Having discussed the invention in general, we turn now to a detailed discussion of the drawings.

FIG. 1 illustrates a preferred embodiment of a luggage tag 1 with an image 2 of the passenger/luggage owner. Also shown are passenger identification information 3, and destination information numeral 5 (including destination airport code, airline name, flight number, and date. In addition, a barcode 4 is also shown. The barcode 4 and destination information 5 are merely for the use of airport personnel. The passenger identification information 3 and the image 2 are used by both the passenger, and airport personnel.

An advantage provided by the image data is that airport security personnel can more rapidly determine the owner of an item of luggage by comparing the image 2 to the traveler. Likewise, the traveler can more easily identify their luggage at their destination due to the convenience provided by the image on the luggage tag 1. In addition to speeding up the process of retrieving the luggage, the luggage owner is much less likely to pickup someone else's luggage by mistake.

The particular format of data and images illustrated in FIGS. 1 and 2 are used for ease of illustration. However, those skilled in the art will recognize that any suitable format can be used, and the data and images can be oriented in any convenient manner.

FIG. 2 illustrates a preferred embodiment of a boarding pass 6 with an image 2 of the passenger. In a similar fashion to the luggage tag 1, discussed above in regard to FIG. 1, the invention also provides an optional boarding pass 6 with an image 2 of the passenger. The boarding pass with the passenger's image 2 provides a more rapid and positive identification of the passenger. It provides an additional advantage in that by having photo identification on the boarding pass, a separate photo ID is not necessary. This makes the boarding process more convenient and will save time.

Also shown in this figure is additional information, such as gate and seat assignments 7. In addition, the figure also shows the portion of the boarding pass 8 which is taken by airline personnel upon boarding, and passenger stub 9.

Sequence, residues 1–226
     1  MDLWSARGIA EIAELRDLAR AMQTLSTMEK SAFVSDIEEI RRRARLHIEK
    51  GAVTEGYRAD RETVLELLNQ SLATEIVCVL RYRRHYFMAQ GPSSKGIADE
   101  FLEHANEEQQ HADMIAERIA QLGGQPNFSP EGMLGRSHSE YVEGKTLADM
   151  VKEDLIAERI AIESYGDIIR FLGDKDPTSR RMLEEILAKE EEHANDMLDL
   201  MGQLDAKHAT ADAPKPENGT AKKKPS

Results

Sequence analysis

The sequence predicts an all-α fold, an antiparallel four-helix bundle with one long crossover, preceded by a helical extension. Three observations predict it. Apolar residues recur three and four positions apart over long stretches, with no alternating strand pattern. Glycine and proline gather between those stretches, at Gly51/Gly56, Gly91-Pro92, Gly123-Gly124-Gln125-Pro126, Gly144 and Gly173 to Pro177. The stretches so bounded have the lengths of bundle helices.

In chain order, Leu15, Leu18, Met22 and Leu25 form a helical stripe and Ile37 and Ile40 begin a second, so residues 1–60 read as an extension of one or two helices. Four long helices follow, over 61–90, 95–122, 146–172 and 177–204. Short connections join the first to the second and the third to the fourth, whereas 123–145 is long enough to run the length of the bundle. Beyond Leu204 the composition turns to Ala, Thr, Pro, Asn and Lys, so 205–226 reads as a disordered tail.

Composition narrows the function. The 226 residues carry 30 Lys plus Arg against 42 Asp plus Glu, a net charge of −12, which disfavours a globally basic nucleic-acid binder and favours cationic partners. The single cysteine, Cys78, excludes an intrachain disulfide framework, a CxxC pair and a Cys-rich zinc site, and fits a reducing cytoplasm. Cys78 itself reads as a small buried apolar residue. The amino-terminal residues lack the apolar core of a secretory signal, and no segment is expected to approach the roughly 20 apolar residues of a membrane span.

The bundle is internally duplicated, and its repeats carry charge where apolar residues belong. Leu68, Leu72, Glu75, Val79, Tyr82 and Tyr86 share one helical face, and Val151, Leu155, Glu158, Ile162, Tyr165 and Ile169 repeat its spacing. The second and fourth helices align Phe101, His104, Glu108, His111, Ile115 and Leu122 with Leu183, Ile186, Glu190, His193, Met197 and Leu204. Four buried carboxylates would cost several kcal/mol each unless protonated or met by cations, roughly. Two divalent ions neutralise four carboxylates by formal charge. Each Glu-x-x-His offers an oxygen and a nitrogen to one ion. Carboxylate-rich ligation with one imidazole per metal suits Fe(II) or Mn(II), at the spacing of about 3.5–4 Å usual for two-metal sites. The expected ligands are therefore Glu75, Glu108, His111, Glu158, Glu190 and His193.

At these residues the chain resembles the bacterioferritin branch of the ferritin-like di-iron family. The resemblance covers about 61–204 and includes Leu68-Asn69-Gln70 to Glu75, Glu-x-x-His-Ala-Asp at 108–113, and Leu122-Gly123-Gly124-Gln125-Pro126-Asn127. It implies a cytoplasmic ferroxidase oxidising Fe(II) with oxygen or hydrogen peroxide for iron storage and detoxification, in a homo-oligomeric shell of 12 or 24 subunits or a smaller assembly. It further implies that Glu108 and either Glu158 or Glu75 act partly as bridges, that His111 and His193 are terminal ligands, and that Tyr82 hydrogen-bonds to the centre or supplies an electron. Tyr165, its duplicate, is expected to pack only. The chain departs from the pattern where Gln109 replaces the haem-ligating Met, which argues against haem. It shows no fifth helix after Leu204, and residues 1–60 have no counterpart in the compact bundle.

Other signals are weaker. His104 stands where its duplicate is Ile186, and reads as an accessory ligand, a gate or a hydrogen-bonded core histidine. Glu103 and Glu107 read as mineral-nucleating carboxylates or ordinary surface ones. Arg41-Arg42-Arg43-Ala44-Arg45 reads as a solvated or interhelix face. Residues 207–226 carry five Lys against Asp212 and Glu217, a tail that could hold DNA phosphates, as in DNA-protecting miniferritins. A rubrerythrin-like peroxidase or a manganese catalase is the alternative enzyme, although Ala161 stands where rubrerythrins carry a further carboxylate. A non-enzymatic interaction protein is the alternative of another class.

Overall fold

In FIGS. 1 and 2, a rudimentary luggage tag 1 and boarding pass 6 were presented to illustrate the features and advantages of the invention. Of course the actual format of a luggage tag may vary from airline to airline and from time to time.

FIG. 3 is a block diagram which illustrates a preferred embodiment of the luggage tag identification system implemented at the ticket counter, at a self-service kiosk, or at a remote computer. In this preferred embodiment, an optional luggage to a template is made available. Through the use of the template, the passenger image 2 and passenger identification information 3 can be pre-stored in a database. Each template is associated with a particular individual. The template is preloaded with an image 2 of the passenger along with passenger identification information 3.

When a passenger purchases a ticket at step 10, the system checks to see if a template is available at step 11. If so, the template is downloaded in step 12 to the system which is generating the luggage tag 1. Since the template has been preconfigured with the passenger image 2 and passenger identification information 3, the only additional information which needs to be added is a destination and flight information at step 13.

Once the template is complete, with image 2 and passenger information 3, the passenger also has the option of updating the image 2. The completed template can be altered at the direction of the passenger by updating the image 2 to reflect the current appearance of the passenger. At step 26, the passenger decides if a new image 2 is necessary. If so, then the next step in the system is to proceed to step 14 to acquire a new image 2. On the other hand, if no new image is desired, the luggage tag 1 can be printed at step 17. An advantage provided by the template is that it eliminates the need to generate an image every time the passenger travels. This will accelerate processing time and eliminate redundant work.